Feline Medical Conditions You Should Not Treat At Home

Cats are very resilient creatures, and seem to bounce back easily from many different types of illnesses or medical problems. However, that does not mean owners should be lax in taking care of their cats properly.

Seeing a licensed veterinarian is vital for the health of a cat when it comes to certain problems. Over the counter meds or do-it-yourself home remedies will not help in these situations. They can, in fact, cause further harm or even lead to death if the medical condition is left untreated. Cat Purrspective has list of these medical conditions below:

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Abscesses

Abscesses are wounds that are created by a bite or rip in the cat’s skin that is closed over quickly, trapping bacteria inside. This bacteria grows in numbers quickly, and creates an infection that causes painful swelling.

If an abscess continues to burrow through more flesh and not treated properly and swiftly, more serious damage may be done to the cat. The infected flesh dies and will, therefore, require more medical intervention by a veterinarian.

The veterinarian will have to cut away this dead flesh and sew up the wound if the damage is too great. Most small wounds are left open, to allow drainage and healing to occur quickly.

It is not safe to try to lance or correct an abscess at home, because of the risk of introducing new bacteria back into the infected area. A vet will have sterile instruments to perform this job.

Diarrhea

Diarrhea is not uncommon, and is usually not a cause for concern in healthy felines. However, persistent diarrhea will require immediate medical attention. It is not normal or safe for the cat.

Cats who remain untreated for persistent diarrhea will become dehydrated and imbalanced in electrolytes. There are many possible causes for this problem, including inflammatory bowel disease, pancreatitis, food allergy, parasites, GI infections, eating non-food items, or sudden changes in diet.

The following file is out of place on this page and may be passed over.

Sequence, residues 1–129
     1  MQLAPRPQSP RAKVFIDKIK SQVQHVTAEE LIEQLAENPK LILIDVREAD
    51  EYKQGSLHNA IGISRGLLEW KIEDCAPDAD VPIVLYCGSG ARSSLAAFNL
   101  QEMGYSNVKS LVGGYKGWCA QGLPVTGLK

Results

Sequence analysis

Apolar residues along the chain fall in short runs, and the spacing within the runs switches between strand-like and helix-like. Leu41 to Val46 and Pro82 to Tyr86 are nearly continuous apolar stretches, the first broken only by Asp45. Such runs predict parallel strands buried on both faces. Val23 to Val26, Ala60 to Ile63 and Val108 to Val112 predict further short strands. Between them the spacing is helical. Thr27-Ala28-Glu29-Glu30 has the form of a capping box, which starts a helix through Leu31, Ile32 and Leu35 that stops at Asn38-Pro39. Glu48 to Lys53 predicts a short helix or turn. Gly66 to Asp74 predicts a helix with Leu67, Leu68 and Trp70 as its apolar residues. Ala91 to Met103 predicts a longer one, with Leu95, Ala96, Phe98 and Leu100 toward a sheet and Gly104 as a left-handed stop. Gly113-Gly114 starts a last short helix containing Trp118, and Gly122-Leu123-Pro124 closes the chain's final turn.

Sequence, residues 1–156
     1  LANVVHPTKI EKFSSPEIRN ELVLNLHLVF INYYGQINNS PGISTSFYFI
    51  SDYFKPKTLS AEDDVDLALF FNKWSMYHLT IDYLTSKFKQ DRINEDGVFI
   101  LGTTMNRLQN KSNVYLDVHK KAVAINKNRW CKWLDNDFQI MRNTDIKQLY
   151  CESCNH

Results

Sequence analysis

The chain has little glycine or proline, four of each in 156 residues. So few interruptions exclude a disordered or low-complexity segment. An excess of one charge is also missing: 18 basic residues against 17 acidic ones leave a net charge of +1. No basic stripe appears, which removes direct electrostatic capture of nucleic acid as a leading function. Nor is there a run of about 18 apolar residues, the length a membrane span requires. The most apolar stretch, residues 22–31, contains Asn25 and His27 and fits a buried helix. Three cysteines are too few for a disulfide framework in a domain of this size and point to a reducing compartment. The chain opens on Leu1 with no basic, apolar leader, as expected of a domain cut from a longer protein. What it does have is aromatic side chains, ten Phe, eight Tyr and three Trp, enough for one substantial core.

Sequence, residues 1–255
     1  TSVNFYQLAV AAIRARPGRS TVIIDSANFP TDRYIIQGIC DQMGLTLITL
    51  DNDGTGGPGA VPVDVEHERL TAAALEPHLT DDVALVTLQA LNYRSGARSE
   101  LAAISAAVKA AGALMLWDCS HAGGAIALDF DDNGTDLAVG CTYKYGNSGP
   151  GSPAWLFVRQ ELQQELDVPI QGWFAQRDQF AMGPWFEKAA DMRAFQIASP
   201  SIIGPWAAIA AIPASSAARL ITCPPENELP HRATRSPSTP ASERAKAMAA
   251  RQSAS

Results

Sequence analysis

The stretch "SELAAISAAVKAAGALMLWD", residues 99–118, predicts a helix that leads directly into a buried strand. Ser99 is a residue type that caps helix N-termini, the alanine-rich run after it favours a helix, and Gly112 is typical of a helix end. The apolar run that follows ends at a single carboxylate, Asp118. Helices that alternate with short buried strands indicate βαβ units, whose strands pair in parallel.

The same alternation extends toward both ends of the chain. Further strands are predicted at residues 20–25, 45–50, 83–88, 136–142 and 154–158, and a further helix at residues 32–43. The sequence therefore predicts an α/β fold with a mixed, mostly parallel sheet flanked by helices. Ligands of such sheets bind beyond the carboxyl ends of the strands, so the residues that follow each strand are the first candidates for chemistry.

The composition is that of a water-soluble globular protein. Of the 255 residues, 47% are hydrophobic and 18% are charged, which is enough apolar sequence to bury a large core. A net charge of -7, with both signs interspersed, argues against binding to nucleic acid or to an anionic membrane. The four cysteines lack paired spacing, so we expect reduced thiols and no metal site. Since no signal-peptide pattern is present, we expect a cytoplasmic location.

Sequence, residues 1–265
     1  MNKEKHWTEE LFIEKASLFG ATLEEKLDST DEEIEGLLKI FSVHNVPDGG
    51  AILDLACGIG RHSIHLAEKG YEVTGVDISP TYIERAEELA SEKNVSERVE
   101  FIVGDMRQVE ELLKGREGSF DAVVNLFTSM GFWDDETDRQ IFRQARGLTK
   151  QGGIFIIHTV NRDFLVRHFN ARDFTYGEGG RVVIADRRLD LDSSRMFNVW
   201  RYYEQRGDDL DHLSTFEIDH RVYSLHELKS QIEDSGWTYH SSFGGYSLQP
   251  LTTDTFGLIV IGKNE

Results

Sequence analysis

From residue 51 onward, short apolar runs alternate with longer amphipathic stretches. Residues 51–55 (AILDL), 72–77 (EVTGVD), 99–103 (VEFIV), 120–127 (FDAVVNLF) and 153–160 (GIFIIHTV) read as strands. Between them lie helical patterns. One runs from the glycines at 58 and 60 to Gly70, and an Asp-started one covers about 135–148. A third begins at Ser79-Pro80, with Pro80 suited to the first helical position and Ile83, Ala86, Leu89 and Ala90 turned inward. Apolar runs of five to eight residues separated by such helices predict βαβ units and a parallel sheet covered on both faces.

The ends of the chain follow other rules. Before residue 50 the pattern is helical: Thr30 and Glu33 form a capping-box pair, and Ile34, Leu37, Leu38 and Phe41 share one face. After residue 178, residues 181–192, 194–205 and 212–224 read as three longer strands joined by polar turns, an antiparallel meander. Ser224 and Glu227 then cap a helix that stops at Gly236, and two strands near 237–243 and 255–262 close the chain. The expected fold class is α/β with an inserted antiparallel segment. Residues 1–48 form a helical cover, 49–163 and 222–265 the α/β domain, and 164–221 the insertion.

Most of these causes will need a vet to diagnose them after a thorough examination of the feline. Trying to treat the cat at home is unwise without knowing the underlying condition that’s causing the diarrhea.

Kidney Infection

A kidney infection is a bacterial infection in the kidney. It is usually caused when bacteria from the bladder travels up the ureters to the kidneys. Cats with suppressed immune systems are more at risk than healthy cats.

A vet needs to perform a urinalysis and a urine culture, at the minimum, in order to diagnose this condition. A kidney infection is much more serious than a urinary tract infection.

Kidney infections may lead to the feline being hospitalized, and given intravenous fluids and antibiotics over the course of several days. Mild cases may only require a round of prescribed antibiotics at home.

Heartworm

Heartworm disease is typically thought of as a canine disease. Yet, it is more common in cats than once believed. If adult heartworms are left untreated, they will live in the heart and lungs of the cat, sometimes up to several years.

The cat is mostly unaffected by this. However, when the adult heartworms die, pieces of the worms can block the pulmonary vessels, which can lead to lung injury. A veterinarian can diagnose and extract adult heartworms, or treat the cat with a monthly preventative for juvenile worms.

Heartworm extraction is extremely difficult and must be done by an experienced specialist. There is nothing that a pet owner can do to treat their cat for heartworm safely at home without the instruction of a veterinarian.

Glaucoma

Glaucoma is excessive pressure inside the eyeball, due to fluid build-up. If this is not treated in felines, it will ultimately lead to vision loss. A vet can diagnose this condition with an instrument called a tonometer.

Treatments include medical control or surgical intervention. If common practices do not work to control or fix glaucoma, excision of the entire eye may be necessary to ensure the health of the cat.

Because glaucoma requires medicine or surgery to control the condition, owners should not attempt to treat their cats without seeking vet care.

Obtaining veterinary help is vital to the health of pet felines, especially when faced with serious medical issues. Some medical conditions or diseases are too serious to be left unseen and untreated by a vet.

Nothing an owner can do at home for a serious issue will be equal to making an appointment with their vet to evaluate, diagnose, and treat their feline. Remain on the safe side and get the care that your fur babies need.

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